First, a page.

“They just want justice”

April 21st, 2013  |  Published in Race(ism)

Is it possible to provide justice for indigenous peoples, I wonder, as I sit on the land of the Wurundjeri people, at my computer, involved in this activity called blogging?

What I would really like to be able to do is go way back and ask the original past owners of the land how we might visualise a different future – one without the massacres and destruction and pain (and possibly without blogging as well, I guess). Failing that, I recently attended a seminar by the CEO of SNAICC (Secretariat of National Aboriginal and Islander Child Care) who spoke about the here and now.

“Indigenous people want very little,” he said. “They just want justice.”

It is indeed not much to ask; but is it possible to achieve? Wouldn’t it involve undoing the injustices? And how could we ever do that?

sorry is just the beginning

The speaker went on to provide ideas, which I reproduce as follows:

  1. Acknowledge sovereignty. Aboriginal people have been on this land for over 60,000 years, have never surrendered their claims to sovereignty, have never sold their country and have never lost a war.
  2. Be honest about our history. The truth must be told in regard to the facts of history. That is, that Aboriginal people have suffered greatly, but have endured and survived in spite of the conscientious efforts by the dominant culture, including our attempted genocide of their culture, their society and them as peoples.
  3. Safeguard Aboriginal cultural heritage. Cultural heritage can be defined in at least two ways – as physical and social. Aboriginal people must be given the means to protect these. The dominant culture seems to still be pursuing policies that equate to a sort of relentless ‘genocide by stealth’.
  4. Recognise and respect Aboriginal culture. Aboriginal cultures are the oldest surviving cultures on this planet. It will take years, perhaps even a generation or two, for Aboriginal people to rebuild their society – providing we STOP sabotaging their every effort! Rebuilding will take time, money, mistakes, confusion, conflict, leadership and our support.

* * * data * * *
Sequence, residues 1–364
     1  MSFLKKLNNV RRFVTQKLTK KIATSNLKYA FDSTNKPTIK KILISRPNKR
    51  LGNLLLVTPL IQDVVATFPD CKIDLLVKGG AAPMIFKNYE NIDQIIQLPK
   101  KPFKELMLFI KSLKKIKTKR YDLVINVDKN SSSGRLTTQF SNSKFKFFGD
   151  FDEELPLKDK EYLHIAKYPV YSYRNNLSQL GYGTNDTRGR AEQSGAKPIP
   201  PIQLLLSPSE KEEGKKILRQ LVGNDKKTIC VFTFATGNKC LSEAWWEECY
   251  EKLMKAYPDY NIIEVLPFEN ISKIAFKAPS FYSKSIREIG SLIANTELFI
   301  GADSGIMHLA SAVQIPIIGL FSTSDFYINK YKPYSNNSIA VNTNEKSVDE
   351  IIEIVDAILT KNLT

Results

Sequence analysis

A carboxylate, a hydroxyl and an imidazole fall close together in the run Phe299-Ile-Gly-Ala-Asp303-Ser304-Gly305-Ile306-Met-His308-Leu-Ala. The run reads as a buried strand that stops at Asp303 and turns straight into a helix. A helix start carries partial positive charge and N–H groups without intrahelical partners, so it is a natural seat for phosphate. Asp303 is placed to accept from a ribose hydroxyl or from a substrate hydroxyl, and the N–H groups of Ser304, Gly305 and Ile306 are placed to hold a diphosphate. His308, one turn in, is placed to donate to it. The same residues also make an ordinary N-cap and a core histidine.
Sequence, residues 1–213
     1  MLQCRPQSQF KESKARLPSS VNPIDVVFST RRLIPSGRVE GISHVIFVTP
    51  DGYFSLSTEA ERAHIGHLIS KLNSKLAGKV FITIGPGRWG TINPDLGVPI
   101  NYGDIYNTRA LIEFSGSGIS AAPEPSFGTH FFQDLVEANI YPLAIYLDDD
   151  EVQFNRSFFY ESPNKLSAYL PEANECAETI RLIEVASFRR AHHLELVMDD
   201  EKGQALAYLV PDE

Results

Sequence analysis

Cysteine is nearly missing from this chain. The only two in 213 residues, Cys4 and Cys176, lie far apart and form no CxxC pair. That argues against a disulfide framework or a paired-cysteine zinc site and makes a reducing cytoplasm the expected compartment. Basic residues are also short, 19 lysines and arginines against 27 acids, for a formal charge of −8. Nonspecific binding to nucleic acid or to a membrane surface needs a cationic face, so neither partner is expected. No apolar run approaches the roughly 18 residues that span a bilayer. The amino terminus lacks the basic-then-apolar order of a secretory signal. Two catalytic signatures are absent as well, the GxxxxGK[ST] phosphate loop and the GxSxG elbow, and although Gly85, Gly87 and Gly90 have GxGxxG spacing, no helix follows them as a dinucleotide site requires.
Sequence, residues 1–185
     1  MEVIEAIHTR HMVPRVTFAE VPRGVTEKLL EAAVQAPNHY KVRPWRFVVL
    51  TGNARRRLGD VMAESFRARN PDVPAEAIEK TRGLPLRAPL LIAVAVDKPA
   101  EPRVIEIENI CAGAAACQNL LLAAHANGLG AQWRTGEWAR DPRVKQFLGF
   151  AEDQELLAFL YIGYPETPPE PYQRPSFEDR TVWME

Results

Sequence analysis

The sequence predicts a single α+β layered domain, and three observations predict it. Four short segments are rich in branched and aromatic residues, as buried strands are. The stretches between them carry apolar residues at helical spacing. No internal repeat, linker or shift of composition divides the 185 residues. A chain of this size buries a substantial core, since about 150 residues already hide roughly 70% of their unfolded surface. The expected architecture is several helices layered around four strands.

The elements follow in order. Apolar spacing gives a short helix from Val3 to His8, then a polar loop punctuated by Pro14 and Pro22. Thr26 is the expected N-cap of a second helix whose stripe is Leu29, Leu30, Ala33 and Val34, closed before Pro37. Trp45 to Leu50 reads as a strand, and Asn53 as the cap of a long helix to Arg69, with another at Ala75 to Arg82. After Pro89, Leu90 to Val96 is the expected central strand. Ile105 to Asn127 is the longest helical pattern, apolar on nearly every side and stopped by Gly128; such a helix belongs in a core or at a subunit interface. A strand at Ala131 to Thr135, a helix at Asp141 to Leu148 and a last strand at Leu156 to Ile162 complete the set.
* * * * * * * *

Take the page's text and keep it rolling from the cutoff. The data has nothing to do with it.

5. Seek Aboriginal representation in all areas and at all levels of civic society. Aboriginal people must be allowed the time and means of developing, and be resourced to operate, their own systems of representation by which to interface with the dominant culture. These representative mechanisms will be the foundation of future relationships between the governments and other institutions of the dominant culture and Aboriginal peoples.
  6. Pay reparations. The past cannot be forgotten or ever entirely forgiven. What has been taken is nothing less than almost everything. Money will not compensate for the losses, but it may enable a fresh start – built from a secure economic base. Besides, in the dominant culture, money is the means of compensation and should not be denied to those whose losses, at our hands, are the greatest.  

We also heard of concrete actions we can take on personal, organisational, and corporate levels, ranging from the now fairly standard acknowledgements of the original owners of land to participating in learning circles and returning land with freehold title.

The ANTaR website provides a wealth of ideas and information, and is well worth an explore. As a baseline, I have noted the key annual dates (such as Sorry Day, Mabo Day, National Aboriginal and Islander Children’s Day) so that I can acknowledge them as they arise on social media.

Find out more

SNAICC, Secretariat of National Aboriginal and Islander Child Care, is the national non-government peak body in Australia representing the interests of Aboriginal and Torres Strait Islander children and families.

ANTaR, Australians for Native Title and Reconciliation, is an independent, national network of mainly non-Indigenous organisations and individuals working in support of justice for Aboriginal and Torres Strait Islander peoples in Australia.

Australia Aboriginal Tribes Map: For visual representation of the nations and clans across Australia, and the original owners of the land on which you live, work, or travel, this map is fascinating and informative. http://mappery.com/map-of/Australia-Aboriginal-Tribes-Map.


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